An email I got Tuesday read: “Saturday, there was only 2.6 feet at the deep end of the launch ramp dock. Today, my neighbor reported that the ramp was closed.”

He wasn’t talking about the pond (Lake Elsinore) across the street–where in fact, the Seaport Landing ramp is also closed due to low water. Rather, he was talking about Lake San Antonio near Bradley, a reservoir when full that covers more than 5500 surface acres and sports 65 miles of shoreline.

But not today. It’s just 6 percent of capacity, while nearby Lake Nacimiento is perhaps a third of its fullness.

True, not every lake is down (Castaic is actually 112 percent of its historic level for this time of year), but any reservoir that relies solely on run-off or intermittent tributaries is flat out drying up. And almost no one is saying what has been obvious for the last couple of years–we’re in a drought. And it’s a bad one.

I started checking around the lower half of the state and found some staggering numbers. Pine Flat, 15 percent of capacity, and 44 percent of its historical level for this time of year. Lake Isabella (recognizing they’re also dealing with dam issues) is 15.4 percent.

By the time you get to the bottom of the state, you find Lake Hodges at 38.3 percent, Morena at 13.8 percent and Sutherland just 10.2 percent of capacity.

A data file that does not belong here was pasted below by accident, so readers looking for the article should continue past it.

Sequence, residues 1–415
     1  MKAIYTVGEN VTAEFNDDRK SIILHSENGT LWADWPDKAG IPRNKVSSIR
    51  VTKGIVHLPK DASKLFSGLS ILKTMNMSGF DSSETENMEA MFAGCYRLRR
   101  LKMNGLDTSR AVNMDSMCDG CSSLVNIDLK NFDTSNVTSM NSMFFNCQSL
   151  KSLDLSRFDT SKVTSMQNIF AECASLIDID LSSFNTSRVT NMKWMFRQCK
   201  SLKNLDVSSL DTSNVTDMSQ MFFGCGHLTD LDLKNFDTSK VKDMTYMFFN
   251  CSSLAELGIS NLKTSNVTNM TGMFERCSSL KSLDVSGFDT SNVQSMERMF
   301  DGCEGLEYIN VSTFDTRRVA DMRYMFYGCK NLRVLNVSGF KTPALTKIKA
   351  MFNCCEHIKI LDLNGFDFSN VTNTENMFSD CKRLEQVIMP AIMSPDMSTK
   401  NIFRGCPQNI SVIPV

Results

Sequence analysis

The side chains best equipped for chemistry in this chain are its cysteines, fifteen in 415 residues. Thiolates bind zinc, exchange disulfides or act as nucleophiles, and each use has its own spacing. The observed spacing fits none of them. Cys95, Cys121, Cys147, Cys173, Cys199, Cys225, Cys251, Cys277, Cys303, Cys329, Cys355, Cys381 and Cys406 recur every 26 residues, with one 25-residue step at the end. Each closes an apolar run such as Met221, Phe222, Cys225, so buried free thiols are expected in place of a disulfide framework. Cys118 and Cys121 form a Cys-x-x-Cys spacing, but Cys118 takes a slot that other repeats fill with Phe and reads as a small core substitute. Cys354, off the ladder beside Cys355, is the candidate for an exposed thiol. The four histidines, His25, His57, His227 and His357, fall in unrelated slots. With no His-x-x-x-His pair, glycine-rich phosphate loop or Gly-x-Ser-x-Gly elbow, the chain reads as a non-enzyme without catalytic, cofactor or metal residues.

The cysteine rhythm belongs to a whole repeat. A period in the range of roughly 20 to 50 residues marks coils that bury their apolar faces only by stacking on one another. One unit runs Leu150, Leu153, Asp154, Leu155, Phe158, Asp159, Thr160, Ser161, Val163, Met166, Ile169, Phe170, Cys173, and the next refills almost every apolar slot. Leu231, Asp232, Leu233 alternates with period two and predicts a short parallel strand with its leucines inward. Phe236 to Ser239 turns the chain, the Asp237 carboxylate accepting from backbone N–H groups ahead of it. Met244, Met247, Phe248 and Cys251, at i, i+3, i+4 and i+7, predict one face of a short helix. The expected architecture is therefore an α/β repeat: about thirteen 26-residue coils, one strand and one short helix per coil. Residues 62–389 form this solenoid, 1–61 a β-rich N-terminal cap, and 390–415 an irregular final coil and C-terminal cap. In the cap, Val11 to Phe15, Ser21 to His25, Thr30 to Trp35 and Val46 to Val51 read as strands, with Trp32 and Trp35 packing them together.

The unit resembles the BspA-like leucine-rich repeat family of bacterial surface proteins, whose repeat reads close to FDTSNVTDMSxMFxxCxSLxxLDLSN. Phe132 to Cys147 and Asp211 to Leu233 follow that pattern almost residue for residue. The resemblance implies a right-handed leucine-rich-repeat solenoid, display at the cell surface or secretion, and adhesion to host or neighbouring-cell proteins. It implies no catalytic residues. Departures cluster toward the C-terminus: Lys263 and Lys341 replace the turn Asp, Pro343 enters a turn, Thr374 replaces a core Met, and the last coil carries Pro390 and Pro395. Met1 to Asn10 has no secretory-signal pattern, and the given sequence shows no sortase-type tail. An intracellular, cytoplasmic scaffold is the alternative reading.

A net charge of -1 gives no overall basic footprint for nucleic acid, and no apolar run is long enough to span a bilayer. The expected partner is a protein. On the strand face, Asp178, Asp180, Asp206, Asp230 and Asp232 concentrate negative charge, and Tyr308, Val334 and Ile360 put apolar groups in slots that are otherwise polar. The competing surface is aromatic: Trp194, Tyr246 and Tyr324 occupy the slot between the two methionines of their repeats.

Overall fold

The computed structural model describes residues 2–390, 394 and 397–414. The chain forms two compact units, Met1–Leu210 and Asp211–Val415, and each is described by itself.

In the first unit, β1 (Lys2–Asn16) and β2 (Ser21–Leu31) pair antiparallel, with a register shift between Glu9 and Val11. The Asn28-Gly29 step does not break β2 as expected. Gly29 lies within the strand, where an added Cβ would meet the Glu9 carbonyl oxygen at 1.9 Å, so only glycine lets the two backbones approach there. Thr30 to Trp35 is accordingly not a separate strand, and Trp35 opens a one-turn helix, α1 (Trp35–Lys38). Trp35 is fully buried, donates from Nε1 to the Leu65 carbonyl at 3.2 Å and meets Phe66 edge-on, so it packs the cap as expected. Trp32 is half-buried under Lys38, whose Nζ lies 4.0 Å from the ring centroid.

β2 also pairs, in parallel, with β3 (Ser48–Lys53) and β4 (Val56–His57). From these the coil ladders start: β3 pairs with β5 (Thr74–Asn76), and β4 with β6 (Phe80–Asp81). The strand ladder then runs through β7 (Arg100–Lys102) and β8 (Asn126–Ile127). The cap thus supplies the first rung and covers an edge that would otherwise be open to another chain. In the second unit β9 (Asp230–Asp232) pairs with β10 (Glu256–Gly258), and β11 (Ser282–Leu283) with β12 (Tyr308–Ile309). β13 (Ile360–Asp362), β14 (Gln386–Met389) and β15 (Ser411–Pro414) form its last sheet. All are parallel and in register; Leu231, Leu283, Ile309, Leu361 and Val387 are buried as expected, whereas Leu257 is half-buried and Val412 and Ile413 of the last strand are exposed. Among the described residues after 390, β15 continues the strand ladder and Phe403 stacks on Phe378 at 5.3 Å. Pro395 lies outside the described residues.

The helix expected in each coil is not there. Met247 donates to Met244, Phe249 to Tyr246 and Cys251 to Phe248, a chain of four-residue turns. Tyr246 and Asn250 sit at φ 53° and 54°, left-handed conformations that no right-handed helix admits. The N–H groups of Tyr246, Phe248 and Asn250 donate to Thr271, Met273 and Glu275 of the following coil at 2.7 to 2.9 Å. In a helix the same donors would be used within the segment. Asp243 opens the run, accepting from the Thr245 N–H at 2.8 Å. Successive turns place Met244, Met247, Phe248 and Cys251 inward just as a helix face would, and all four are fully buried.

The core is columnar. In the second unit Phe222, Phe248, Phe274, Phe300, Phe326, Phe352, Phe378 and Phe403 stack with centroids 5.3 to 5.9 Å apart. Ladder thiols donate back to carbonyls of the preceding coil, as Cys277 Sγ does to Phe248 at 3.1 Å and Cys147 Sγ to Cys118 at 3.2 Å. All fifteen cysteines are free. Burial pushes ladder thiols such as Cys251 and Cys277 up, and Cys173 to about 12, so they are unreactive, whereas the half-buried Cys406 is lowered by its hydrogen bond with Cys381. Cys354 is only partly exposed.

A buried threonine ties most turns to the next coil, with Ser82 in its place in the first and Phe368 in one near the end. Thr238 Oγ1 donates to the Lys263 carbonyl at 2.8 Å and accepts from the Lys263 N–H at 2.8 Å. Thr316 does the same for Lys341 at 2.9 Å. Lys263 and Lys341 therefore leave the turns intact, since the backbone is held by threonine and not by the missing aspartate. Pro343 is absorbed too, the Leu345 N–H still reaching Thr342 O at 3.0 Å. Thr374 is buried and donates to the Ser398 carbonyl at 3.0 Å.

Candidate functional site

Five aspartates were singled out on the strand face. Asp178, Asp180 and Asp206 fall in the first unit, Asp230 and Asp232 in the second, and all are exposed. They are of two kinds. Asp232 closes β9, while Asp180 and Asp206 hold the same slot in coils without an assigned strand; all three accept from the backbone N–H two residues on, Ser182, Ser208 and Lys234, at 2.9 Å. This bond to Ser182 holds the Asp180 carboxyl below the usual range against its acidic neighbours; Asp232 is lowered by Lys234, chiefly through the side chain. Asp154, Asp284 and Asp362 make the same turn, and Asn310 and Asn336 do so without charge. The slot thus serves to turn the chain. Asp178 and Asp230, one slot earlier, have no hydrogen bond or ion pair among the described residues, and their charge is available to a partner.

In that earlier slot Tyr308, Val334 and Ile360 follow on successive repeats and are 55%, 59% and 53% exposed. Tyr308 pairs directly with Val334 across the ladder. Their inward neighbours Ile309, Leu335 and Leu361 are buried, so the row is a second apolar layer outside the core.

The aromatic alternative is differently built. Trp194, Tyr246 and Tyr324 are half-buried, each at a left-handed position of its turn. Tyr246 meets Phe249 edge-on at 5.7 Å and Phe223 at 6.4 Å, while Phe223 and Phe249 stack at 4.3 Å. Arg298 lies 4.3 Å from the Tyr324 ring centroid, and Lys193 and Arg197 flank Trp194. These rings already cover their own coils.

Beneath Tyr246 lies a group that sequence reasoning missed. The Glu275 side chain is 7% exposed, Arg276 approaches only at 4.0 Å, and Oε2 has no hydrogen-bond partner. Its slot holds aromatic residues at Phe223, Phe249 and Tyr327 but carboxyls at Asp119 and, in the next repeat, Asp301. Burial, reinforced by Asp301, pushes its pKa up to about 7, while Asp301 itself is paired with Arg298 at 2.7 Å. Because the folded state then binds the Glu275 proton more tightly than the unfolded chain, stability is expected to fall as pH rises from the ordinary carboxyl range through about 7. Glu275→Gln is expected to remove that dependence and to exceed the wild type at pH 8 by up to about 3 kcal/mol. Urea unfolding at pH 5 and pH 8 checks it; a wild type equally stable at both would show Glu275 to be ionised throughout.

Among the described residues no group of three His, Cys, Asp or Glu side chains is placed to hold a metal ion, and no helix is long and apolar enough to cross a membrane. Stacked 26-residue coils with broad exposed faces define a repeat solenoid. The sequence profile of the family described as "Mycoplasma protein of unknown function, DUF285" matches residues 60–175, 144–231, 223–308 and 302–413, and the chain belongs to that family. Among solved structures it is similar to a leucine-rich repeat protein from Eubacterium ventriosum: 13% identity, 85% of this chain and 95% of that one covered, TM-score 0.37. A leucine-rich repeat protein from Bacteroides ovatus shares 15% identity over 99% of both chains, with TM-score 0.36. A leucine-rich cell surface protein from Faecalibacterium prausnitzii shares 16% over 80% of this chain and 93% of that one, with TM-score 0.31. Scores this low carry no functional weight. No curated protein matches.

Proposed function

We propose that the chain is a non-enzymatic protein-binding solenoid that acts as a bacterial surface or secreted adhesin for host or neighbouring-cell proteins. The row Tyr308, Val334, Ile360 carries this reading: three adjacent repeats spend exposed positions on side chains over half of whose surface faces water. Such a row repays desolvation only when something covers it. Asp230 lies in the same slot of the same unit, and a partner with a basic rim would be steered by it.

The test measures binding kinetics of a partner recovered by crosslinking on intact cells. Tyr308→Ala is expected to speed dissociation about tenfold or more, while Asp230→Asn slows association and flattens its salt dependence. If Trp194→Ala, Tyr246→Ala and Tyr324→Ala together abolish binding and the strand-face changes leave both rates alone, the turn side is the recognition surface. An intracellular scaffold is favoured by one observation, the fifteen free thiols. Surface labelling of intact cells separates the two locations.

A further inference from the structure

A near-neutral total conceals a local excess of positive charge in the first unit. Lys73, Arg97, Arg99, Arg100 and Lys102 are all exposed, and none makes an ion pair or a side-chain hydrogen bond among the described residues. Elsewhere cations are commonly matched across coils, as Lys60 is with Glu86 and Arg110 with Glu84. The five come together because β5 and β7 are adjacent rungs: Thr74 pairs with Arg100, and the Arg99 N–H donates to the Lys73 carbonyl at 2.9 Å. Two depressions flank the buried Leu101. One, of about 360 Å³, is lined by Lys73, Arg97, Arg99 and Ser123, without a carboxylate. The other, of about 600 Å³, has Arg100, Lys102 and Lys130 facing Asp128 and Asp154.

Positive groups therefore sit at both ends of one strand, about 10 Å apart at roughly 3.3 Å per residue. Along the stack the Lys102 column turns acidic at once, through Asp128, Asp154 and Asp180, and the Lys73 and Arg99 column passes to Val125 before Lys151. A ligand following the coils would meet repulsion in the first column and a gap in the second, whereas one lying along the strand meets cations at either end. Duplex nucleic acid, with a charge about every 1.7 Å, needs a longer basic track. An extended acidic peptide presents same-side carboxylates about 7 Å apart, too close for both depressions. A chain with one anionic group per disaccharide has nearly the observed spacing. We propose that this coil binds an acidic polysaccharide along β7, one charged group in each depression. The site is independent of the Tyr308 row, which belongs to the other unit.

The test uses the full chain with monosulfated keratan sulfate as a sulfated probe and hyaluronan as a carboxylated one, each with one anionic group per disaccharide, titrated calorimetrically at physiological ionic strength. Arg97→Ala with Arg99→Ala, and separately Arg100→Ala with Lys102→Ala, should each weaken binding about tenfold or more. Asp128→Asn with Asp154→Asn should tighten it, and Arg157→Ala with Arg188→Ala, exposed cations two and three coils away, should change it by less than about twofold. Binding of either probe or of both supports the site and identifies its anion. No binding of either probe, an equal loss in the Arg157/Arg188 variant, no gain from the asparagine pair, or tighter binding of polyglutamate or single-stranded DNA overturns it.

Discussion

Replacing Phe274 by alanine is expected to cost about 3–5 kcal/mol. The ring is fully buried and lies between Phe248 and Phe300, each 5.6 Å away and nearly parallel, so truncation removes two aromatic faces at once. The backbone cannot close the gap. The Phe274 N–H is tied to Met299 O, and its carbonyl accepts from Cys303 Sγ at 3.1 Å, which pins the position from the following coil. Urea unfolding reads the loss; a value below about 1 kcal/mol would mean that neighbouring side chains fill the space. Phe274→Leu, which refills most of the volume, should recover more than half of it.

ankle deep

THE JETTY has always been a key spot on Elsinore, but now it’s barely ankle deep at the tip.

While not a storage basin, the lack of water coming down the San Jacinto River means Elsinore–now below the summer “danger” level of 1240.0 feet elevation–has barely a stick in the water for cover, though launching is safe for another 8 feet or so at the north end.

You don’t need a meteorologist to tell you that without any prospect of El Nino help, it will require an unusual winter to provide sufficient rainfall to save the fishery.

But the scope of the drought is massive, extending to the Rocky Mountains and much of the Tri-States region. They’re talking Lake Mead will be 25 feet lower in November, 2014–lower than it has ever been since Hoover Dam was constructed in the mid 1930’s.

Of course, it won’t stop the fishing. But it’s going to put more of us on fewer surface acres in the coming years–at least until the cycle breaks.

Drought…there, I said it.

 




6 Responses to “The ‘D’ word nobody wants to talk about…”


by Guy Williams

Only good thing about droughts are the “new” lake syndrome we get when they fill back up. Maybe we can get a few good years of rain/snow before too long and see some magic years of fishing at some of these hard it lakes.

by George Kramer

I’m with you on that, Guy. Here’s hoping it’s sooner rather than later.

There’s always calico bass – don’t have to worry about that pond drying up any time soon.

by George Kramer

I definitely see a trend in that direction, Curt. For years the bays were always my winter bass, fallback position. That may need to be expanded… 🙁

by Guy Williams

I seem to notice that every time you talk about a drought it rains shortly after. Well played, GK! I see what you’re doing.

by George Kramer

Okay then. I predict it will not rain for the next three months, Guy. 😉